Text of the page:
The notion of the “untranslatable” in a place like Rwanda where language and speech is the core of all art, was an invitation to bring an object or a word that seemed impossible to translate. And indeed, each word written on the
blackboard could open up long and vivid conversations, leading to stories and misunderstandings. It brought much laughter, but at the same time, the trauma of the Genocide remained a profound element of the difficulty or impossibility to translate. While these conversations were again constantly translated within the group, switching between French, English, Kinyarwanda and its neighbouring Burundian variations, sometimes even German or Afrikaans came into play.
This was a large scale version of the Transversal Evening Class concept that took place at the International Short Film Festival in Oberhausen in May 2022. The programme itself had a focus on networks, working relations and conditions, and highlighted the importance of festivals in relation to African filmmaking. The project team followed again the methodology of the evening class, to research what we are doing and to realise what we are researching.
The evening class framework allowed to “co-own” the commissioned programme of the film festival, to use the festival itself again as a site of production, and not only of representation. The team managed for example to realise a long group-interview with young female filmmakers coming from six different countries, Salimata Bâ (Nouakchott), Yousra El-Gazzar (Cairo), Lina Alabed (Beirut), Rim Harrabi (Tunis), Amelia Umuhire (Berlin) and others. With over 15 guests the theme programme almost became a festival in itself, and it really created a vivid networking dynamic.
In addition to the “on site” classes with their concrete locality, “mid-air” classes were taking place “in between,” along the way and had a rather flexible time frame. The project team developed collaborative, open and changing research constellations and questions, exploring an approach called “sheep methodology”. Working from what Sarah Franklin calls “following sheep around,” entering fields and new terrains out of curiosity and interest, not knowing where it will take us, we seek out new radical entanglements and interwoven narratives.
More concretely, in this “mid-air evening class” the team worked around two activist-intellectuals, Ruth First and Henri Lefebvre, whose work and way of thinking seem absolutely relevant today, but both seem under acknowledged, or the impact they could actually have too limited to certain expert circles. The project team saw artistic documentary practice as the best tool and methodology to bring the two contemporaries into conversation with each other from today’s perspectives and questions.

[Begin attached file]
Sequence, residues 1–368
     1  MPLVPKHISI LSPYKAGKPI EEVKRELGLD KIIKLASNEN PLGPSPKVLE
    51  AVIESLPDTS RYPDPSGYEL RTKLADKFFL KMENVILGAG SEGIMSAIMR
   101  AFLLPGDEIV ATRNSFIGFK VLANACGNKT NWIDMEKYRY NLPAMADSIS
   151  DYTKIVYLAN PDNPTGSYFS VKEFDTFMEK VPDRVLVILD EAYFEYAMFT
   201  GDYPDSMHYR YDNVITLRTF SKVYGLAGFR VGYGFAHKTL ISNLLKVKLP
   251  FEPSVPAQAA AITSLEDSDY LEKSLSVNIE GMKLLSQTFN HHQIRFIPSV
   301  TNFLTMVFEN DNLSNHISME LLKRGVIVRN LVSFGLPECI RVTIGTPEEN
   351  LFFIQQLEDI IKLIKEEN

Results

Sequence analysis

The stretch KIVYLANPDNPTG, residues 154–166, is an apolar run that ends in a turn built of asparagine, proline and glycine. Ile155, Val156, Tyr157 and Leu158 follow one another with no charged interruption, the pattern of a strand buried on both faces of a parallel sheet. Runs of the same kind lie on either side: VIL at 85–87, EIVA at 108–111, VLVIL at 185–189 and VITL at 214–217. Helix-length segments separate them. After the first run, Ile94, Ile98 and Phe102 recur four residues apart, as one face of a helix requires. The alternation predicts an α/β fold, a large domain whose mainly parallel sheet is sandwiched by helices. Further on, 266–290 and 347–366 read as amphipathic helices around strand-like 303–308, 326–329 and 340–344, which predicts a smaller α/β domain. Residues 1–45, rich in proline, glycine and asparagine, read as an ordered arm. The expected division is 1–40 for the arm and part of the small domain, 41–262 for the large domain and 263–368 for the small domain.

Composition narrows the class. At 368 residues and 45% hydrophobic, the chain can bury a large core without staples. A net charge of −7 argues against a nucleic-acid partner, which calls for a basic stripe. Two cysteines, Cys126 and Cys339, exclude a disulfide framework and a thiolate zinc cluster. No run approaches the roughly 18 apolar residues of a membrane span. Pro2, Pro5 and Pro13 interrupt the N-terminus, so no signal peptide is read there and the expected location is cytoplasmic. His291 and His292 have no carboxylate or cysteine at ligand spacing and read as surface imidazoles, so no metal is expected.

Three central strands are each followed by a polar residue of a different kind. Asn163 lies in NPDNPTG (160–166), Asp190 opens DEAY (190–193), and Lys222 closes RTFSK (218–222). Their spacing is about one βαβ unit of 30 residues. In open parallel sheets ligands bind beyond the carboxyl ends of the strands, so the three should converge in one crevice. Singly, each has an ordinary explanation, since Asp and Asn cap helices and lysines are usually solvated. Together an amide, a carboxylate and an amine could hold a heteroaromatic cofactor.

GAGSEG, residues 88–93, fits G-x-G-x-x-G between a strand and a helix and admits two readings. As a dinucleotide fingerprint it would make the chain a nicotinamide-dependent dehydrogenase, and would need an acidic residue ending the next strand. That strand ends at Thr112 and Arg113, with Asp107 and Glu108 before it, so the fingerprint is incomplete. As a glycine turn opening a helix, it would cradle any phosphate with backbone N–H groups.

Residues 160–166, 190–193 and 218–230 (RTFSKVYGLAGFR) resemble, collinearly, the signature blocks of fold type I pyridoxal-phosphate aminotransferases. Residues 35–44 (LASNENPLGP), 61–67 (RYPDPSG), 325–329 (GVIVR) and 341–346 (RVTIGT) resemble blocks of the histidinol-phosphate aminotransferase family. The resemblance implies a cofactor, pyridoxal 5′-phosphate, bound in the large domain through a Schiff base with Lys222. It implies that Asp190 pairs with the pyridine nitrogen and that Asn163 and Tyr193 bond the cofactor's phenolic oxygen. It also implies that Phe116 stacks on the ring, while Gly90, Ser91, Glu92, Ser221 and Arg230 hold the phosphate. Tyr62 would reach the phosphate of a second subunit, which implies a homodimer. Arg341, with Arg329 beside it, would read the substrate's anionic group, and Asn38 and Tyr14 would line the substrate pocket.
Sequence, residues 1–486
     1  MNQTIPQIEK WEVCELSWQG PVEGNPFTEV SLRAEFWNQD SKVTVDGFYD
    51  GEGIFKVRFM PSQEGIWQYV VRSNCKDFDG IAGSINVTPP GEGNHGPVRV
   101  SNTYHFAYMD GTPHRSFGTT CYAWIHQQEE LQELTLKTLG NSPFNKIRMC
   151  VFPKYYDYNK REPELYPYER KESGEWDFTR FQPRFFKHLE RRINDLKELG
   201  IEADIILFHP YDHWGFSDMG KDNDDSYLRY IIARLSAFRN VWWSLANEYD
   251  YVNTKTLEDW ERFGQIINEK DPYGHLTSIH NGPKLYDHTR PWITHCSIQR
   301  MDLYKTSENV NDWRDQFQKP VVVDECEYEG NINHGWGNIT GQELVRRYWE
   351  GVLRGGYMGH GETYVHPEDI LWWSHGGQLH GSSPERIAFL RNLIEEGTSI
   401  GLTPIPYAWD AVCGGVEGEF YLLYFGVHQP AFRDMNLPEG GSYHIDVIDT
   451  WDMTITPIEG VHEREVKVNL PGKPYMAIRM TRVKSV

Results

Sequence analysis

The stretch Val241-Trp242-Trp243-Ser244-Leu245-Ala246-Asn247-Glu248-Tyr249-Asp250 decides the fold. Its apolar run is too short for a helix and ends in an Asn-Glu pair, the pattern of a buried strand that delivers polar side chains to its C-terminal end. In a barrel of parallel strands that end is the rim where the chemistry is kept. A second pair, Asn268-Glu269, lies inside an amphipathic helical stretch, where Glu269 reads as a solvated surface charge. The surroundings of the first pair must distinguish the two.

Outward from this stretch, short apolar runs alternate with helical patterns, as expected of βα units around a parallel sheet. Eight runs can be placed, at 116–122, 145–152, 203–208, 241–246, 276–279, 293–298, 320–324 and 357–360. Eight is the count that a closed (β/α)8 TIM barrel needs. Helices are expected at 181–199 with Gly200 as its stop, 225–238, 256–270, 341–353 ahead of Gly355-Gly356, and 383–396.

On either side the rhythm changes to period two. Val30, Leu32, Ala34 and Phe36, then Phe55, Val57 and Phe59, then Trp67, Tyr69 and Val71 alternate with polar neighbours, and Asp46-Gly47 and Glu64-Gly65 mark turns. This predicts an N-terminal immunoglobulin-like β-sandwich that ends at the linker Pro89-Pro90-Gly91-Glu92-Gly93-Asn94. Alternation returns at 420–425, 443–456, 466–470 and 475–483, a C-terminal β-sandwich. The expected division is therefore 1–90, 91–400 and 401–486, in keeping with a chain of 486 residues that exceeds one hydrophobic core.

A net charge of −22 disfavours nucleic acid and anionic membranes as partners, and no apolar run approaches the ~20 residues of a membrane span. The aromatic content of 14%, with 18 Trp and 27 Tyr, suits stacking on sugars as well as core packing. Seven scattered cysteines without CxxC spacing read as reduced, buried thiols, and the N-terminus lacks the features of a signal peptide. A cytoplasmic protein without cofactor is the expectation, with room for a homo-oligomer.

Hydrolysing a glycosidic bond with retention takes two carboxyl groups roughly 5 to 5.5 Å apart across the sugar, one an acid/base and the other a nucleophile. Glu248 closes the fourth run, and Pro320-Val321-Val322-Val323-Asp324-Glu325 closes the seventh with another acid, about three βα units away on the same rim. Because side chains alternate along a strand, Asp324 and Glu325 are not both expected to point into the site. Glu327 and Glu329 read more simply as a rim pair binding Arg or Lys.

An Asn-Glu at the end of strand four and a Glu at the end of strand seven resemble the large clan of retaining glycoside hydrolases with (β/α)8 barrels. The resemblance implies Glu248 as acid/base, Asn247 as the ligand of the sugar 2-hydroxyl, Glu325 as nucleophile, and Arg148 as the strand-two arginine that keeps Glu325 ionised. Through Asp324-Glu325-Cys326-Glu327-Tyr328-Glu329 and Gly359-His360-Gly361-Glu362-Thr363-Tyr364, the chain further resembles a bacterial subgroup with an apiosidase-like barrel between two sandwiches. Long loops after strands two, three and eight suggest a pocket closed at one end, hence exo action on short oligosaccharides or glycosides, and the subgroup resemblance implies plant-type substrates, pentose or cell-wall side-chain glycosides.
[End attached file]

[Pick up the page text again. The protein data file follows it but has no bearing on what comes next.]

The realised evening classes, in all their diversity, confirmed the initial idea and presumption that the collaborative format as an artistic methodology has great potential to transverse and reshape existing frameworks (e.g. within an institution),to create new ones outside and across institutions (independent, academic, cultural etc.), to foster meaningful as well as joyful ways of learning, to value different kinds of knowledge connected equally to the everyday, politics, art, and to encourage an aesthetics that undoes or goes beyond representation.
Project team: Harun Farocki Institut (HaFI) in collaboration with the artist group Women on Aeroplanes—agency for flying ideas Annett Busch (Berlin/Trondheim) and Marie-Hélène Gutberlet (Frankfurt/Main) together with Ayodele Arigbabu (Lagos), Jean-Pierre Bekolo (Yaoundé/Quartier Mozart), Elisa Bertuzzo (Berlin), Prerna Bishnoi (Trondheim), Garnette Cadogan (Boston), Kodwo Eshun (London/Berlin), Stacy Hardy (Polokwane), Louis Henderson (Berlin/Georgetown), Sehr Jalil (Lahore), Elke Marhöfer & Mikhail Lylov (Petralia Soprana), Assumpta Mugiraneza (KigalI), Alex Murray-Leslie (Chicks on Speed), Afrah Shafiq (Goa), Michael C. Vazquez (Brooklyn), the artist collective On-Trade-Off (Lubumbashi, Paris, Brussels, Sydney) among others.
* DARIAH Theme is an annual thematic priority set by the Board of Directors of DARIAH-EU. The aim is to stimulate activities and events related to an important topic of research in the digitally enabled arts and humanities by issuing a call for funding.